Dayton’s High-Flyer

March 5, 2020 Dayton’s High-Flyer

How Obi Toppin Transformed a First-Four Cinderella Into a Final Four Threat

Twenty points. Five dunks. A Dayton men’s basketball record. Atlantic 10 history. Obi Toppin celebrated his 22nd birthday with a night to remember. If you haven’t seen Dayton’s high-flyer, you should. Pretty soon, you will.

Dayton basketball is an interesting study. The program’s history features 84 years as a successful independent, and 18 NCAA Tournament appearances, including a trip to the Final Four and a loss in the National Championship to UCLA in 1967. The other 17 tourney trips? Not so significant.

But the 2019-20 season has been a different story. A story that surprises no one inside Dayton Athletics, and surprises everyone outside the small corner of Southwest Ohio. It’s different because of the difference-maker, and his name is Obi Toppin.

Fittingly, it’s a high-flying dunker that might, nay, will be known as the greatest player in program history. The ‘Flyers’ nickname pays tribute to the town’s history; home of the Wright Brothers and the National Museum of the U.S. Air Force. But it’s Toppin who just took the Flyers into uncharted air space.

Here are some facts about the man poised for an NCAA Tournament takeover:

Obadiah “Obi” Toppin grew up in Brooklyn and lived with his mother and younger brother Jacob. Coincidentally, Jacob plays for Rhode Island — who the Flyers beat last night to make Atlantic 10 history — but we’ll get to that in a minute.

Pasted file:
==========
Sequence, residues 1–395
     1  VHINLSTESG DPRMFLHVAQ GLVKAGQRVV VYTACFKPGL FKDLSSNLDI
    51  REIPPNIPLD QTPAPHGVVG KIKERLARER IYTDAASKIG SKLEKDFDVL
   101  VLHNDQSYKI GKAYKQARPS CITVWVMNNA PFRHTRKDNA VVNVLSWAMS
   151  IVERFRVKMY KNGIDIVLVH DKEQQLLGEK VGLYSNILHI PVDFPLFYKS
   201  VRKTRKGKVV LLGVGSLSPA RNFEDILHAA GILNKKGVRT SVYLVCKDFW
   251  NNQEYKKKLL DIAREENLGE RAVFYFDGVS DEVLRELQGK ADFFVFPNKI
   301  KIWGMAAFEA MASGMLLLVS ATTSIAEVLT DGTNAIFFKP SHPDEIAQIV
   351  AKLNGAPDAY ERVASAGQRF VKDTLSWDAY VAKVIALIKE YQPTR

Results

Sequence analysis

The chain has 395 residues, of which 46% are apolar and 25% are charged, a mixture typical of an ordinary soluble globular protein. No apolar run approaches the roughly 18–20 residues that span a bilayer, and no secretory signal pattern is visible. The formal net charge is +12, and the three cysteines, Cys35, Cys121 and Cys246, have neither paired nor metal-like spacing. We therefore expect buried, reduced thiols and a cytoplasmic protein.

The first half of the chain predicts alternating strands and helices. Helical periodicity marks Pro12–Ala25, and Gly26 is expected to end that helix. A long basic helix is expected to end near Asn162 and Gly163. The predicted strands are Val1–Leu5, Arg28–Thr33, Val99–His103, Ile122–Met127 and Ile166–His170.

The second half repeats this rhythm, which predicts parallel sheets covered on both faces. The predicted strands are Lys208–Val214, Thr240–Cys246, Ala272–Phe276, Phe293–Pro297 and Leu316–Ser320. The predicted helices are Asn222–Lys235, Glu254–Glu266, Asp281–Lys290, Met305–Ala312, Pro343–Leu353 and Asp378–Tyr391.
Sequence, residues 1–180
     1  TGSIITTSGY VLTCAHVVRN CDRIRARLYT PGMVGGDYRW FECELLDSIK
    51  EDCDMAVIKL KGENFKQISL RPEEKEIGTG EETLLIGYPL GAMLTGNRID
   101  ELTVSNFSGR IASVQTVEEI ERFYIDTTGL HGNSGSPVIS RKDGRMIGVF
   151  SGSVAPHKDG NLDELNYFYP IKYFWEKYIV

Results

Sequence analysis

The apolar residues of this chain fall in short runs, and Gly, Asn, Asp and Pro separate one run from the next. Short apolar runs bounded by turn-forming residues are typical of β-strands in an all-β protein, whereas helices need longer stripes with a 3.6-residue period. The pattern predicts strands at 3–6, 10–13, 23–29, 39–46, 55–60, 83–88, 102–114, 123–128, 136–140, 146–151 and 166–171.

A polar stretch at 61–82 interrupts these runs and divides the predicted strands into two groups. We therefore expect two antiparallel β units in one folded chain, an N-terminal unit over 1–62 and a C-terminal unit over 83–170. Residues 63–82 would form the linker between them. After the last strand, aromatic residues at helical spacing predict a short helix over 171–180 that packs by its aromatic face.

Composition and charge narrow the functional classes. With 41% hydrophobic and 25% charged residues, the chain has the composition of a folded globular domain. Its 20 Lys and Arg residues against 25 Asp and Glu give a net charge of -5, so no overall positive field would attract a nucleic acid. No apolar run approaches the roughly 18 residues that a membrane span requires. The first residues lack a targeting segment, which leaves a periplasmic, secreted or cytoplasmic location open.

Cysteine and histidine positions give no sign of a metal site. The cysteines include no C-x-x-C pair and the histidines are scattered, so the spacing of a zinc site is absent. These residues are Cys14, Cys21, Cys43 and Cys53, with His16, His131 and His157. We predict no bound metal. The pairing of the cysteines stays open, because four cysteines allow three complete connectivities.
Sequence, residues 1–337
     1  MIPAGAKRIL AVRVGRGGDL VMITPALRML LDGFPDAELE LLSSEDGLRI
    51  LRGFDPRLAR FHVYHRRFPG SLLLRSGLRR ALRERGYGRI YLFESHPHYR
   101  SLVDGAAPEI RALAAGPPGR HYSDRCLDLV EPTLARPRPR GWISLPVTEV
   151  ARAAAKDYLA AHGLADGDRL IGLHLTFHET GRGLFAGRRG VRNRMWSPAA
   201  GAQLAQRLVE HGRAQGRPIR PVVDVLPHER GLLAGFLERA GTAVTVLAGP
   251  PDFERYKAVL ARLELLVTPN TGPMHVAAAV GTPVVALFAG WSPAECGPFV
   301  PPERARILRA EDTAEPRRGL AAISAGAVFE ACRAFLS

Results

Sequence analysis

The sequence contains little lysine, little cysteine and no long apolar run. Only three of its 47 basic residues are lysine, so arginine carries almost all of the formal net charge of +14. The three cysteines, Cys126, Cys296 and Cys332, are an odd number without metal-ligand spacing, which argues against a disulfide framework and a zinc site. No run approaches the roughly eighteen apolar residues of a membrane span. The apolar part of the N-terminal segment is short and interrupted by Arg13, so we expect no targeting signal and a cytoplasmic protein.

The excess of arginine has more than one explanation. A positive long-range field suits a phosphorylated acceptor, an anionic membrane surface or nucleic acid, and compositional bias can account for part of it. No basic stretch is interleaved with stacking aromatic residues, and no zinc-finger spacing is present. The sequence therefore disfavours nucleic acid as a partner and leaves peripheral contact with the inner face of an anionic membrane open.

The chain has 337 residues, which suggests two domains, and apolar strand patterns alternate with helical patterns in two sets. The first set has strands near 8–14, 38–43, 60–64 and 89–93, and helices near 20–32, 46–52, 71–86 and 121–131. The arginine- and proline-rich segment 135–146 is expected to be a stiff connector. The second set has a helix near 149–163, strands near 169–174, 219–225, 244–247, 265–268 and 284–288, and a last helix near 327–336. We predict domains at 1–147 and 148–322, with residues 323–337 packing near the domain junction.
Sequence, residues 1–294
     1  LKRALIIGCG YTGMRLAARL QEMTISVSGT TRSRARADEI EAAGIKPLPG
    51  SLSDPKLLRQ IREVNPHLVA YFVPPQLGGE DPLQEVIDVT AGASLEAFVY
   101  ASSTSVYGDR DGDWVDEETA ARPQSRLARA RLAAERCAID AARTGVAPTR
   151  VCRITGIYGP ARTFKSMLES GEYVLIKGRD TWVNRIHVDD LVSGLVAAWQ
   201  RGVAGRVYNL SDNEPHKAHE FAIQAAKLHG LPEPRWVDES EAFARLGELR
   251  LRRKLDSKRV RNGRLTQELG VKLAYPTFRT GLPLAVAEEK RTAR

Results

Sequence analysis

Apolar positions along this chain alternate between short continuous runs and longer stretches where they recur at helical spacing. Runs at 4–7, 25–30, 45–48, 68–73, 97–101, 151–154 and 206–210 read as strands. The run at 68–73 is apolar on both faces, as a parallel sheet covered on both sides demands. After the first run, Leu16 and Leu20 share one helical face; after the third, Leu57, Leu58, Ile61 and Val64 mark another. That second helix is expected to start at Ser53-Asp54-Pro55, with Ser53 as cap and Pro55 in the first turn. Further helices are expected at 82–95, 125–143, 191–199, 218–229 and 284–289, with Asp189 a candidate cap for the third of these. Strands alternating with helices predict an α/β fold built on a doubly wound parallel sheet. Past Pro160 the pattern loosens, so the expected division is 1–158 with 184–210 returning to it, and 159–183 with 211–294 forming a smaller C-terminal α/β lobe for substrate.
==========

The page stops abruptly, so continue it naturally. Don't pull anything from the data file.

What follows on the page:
His father was a well-known streetball star in Brooklyn, and a high-flyer himself. Nicknamed “Dunkers Delight,” Obadiah Toppin Sr. played in the USBL, ABA, and in the Dominican Republic.

After his senior year of high school, Obi was overshadowed by the size of the talent pool coming out of New York City, and he didn’t receive a scholarship offer from a single Division I program. He opted for prep school to continue playing, and eventually earned a few looks from mid-majors. He chose Dayton and made head coach Anthony Grant look like a genius.

As a redshirt freshman last season, Toppin blew the Atlantic 10 away. He was named the A10 Rookie of the Year and First Team All-Conference — the first A10 player to boast those accolades since Lamar Odom (1999). He could’ve entered the NBA Draft, but he chose to return for a high-flying season that inevitably sent his draft stock soaring.

High-Flyer Comparison

Because of Toppin’s Zion-like approach — a lot of dunks and high-percentage shots — the Flyers lead all NCAA teams in field-goal percentage (52.6%). And that’s a recipe for success in March.

To top it all off, 3rd-ranked Dayton beat Rhode Island last night to inch within one game of Atlantic 10 history as the fourth team to go unbeaten in conference play (27-2, 17-0). And against his younger brother, on his 22nd birthday, Obi dropped 20 with a fly-light reel of dunks you have to see believe. He’s dunked 100 times this season.

Suddenly, the host site of the NCAA Tournaments’ “First Four” for the last 20 years has shifted mindsets. The stunning UD Arena has welcomed the opening tip of March Madness since 2000, and Dayton has usually been a “First-Four caliber” team. Now, they’re a Final Four threat.

There’s a Midwest saying about March weather: “In like a lion, out like a lamb.” Doesn’t apply to basketball. Obi just brought Dayton into March like a lion, and he intends to leave March high flyin’… This is one underdog that plays above everybody.